TLISTPUSHBACK(TLISTREF(li), i*j);
  }
  TLISTFOREACH(i, l5, ({
    TLISTFOREACH(j, TLISTREF(i), ({
      printf("%d\t", TLISTREF(j));
    }));
    printf("\n");
  }));
  TLISTFOREACH(i, l5, ({ TLISTCLEAR(TLISTREF(i));}));
  TLISTCLEAR(l5);
  return 0;
}
          

The example uses two new macros TLISTDEF and TLISTINIT. For details of their definitions please refer Appendix.

The output of the above program should be

             
1       2       3       4       5       6       7       8       9
2       4       6       8       10      12      14      16      18
3       6       9       12      15      18      21      24      27
4       8       12      16      20      24      28      32      36
5       10      15      20      25      30      35      40      45
6       12      18      24      30      36      42      48      54
7       14      21      28      35      42      49      56      63
8       16      24      32      40      48      56      64      72
9       18      27      36      45      54      63      72      81
          

References

 

  1. ISO C99 standard

  2. GCC User's Manual

Contents of tlist.h

 

             
/*
 * File:   tlist.h
 *
 * Created on July 23, 2006, 8:10 PM
 */
#ifndef _tlist_H
#define _tlist_H
#include <stdlib.h>
#define TLIST(T,L)      \
  struct _List##L {   \
    struct  _List##L * _next; \
    struct  _List##L * _prev; \
    T          _data; \
  } L = {&(L), &(L)}
#define TLISTDEF(T, TL) \
  typedef struct _List##TL {   \
    struct  _List##TL * _next; \
    struct  _List##TL * _prev; \
    T          _data; \
  } TL
#define TLISTINIT(L)\
  (L) = (typeof(L)){&(L), &(L)}
#define TLISTBEGIN(L) ((L)._next)
#define TLISTEND(L) (&(L))
#define TLISTITER(L)  typeof((L)._next)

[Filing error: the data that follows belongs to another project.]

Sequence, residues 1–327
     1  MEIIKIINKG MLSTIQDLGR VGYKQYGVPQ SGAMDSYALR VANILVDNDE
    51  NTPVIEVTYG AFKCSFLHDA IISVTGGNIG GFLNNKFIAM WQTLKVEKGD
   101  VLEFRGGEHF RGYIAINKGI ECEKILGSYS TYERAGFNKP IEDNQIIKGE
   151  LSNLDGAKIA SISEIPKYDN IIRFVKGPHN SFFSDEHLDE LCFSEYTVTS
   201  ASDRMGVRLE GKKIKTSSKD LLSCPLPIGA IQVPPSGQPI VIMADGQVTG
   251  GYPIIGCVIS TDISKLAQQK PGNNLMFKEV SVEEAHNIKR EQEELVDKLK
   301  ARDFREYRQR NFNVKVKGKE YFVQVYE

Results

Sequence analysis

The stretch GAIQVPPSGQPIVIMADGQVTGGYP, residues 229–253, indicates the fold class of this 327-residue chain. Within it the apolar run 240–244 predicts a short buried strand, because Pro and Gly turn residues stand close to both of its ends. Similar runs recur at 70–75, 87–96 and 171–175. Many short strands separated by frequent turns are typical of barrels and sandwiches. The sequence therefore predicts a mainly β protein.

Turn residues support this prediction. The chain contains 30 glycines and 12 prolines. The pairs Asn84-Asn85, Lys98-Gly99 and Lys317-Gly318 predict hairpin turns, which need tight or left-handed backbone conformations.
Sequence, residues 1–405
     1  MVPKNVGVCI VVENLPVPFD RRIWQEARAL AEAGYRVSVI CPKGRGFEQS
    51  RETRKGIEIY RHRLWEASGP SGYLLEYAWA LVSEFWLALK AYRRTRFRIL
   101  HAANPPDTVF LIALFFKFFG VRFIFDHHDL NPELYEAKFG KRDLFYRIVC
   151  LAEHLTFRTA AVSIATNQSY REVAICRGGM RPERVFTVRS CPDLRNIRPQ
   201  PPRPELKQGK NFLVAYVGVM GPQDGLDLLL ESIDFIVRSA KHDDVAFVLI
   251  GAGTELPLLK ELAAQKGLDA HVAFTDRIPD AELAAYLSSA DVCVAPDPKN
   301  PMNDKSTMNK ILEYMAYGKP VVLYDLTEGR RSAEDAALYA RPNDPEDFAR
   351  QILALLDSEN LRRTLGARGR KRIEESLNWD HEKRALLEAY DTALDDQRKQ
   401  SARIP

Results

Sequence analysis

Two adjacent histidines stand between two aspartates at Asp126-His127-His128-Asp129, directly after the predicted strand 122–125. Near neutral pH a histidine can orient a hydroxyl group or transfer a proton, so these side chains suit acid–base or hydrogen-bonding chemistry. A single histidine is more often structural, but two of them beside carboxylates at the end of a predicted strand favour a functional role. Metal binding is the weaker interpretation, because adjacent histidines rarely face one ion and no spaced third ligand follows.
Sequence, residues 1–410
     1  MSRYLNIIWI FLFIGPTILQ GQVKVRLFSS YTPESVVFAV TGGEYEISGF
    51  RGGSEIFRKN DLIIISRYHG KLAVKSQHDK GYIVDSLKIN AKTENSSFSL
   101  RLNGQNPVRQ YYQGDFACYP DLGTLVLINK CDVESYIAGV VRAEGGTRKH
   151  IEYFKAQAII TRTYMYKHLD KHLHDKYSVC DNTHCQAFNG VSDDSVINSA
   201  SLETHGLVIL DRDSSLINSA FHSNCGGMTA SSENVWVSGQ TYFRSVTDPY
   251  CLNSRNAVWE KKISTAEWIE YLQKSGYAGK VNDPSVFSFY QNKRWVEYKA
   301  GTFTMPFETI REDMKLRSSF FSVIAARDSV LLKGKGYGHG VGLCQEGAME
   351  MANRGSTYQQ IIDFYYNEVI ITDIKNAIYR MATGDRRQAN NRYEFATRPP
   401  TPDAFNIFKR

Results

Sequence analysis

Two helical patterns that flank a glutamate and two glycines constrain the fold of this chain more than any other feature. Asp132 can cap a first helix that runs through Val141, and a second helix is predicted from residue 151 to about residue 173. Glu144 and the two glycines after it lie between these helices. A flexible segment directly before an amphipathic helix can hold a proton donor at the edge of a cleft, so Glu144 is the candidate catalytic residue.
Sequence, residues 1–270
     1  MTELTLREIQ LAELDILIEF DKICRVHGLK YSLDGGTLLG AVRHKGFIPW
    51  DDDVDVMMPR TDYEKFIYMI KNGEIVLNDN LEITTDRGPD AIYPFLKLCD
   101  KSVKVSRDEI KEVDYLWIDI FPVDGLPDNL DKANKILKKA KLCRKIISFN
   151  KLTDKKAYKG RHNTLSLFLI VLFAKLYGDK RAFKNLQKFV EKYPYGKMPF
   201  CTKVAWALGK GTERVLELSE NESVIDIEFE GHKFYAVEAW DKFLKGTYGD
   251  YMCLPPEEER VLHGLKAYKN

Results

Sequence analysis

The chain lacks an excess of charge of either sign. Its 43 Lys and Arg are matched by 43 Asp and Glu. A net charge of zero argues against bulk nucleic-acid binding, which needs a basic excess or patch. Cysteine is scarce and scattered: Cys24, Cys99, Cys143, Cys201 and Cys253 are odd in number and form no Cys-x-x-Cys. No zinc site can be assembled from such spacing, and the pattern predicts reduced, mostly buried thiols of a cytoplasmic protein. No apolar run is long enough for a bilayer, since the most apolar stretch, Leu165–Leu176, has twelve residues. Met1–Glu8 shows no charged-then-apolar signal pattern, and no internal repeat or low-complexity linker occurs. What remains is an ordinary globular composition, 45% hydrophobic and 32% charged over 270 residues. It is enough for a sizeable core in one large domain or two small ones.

#define TLISTINC(I) ((I)->_next)
#define TLISTDEC(I) ((I)->_prev)
#define TLISTREF(I) ((I)->_data)
#define TLISTINSERT(I, V)\
({\
    typeof(I) __tmp, __n, __p;\
    __tmp = (typeof(I)) malloc(sizeof(*(I)));\
    __n = (I);\
    __p = __n->_prev;\
    if (__tmp != 0) {\
      __tmp->_data = V;\
      __tmp->_next = __n;\
      __tmp->_prev = __p;\
      __p->_next = __tmp;\
      __n->_prev = __tmp;\
    };\
    __tmp;\
})
#define TLISTPUSHFRONT(L,V) TLISTINSERT(TLISTBEGIN(L), V)
#define TLISTPUSHBACK(L,V) TLISTINSERT(TLISTEND(L), V)
#define TLISTERASE(I)\
({\
    typeof(I) __pos, __n, __p;\
    __pos = (I);\
    __n = __pos->_next;\
    __p = __pos->_prev;\
    __p->_next = __n;\
    __n->_prev = __p;\
    free(__pos);\
    __n;\
})
#define TLISTCLEAR(L)\
({\
    TLISTITER(L) __c = TLISTBEGIN(L);\
    while (__c != TLISTEND(L))\
    {\
        TLISTITER(L) __tmp = __c;\
        __c = TLISTINC(__c);\
        free(__tmp);\
    }\
    (L)._next = (L)._prev = &(L);\
})
#define FOR_EACH(I, first, last, inc, blk)\
({\
    typeof(first) I;\
    for (I=first; I != last; I=inc(I))\
      blk;\
    I;\
})
#define TLISTFOREACH(I, L, blk)\
  FOR_EACH(I, TLISTBEGIN(L), TLISTEND(L), TLISTINC, blk)
#define TLISTSIZE(L)\
({\
    int __n = 0;\
    TLISTFOREACH(i, L, ({++__n;}));\
    __n;\
})
#define TLISTFIND(I, L, blk)\
  TLISTFOREACH(I, L, ({if (blk) break;}))
#endif  /* _tlist_H */
          
Rate and Review
Tell us what you think of the content of this page.
Excellent   Good   Fair   Poor  
Comments:
Your email address (no reply is possible without an address):
Sun Privacy Policy

Note: We are not able to respond to all submitted comments.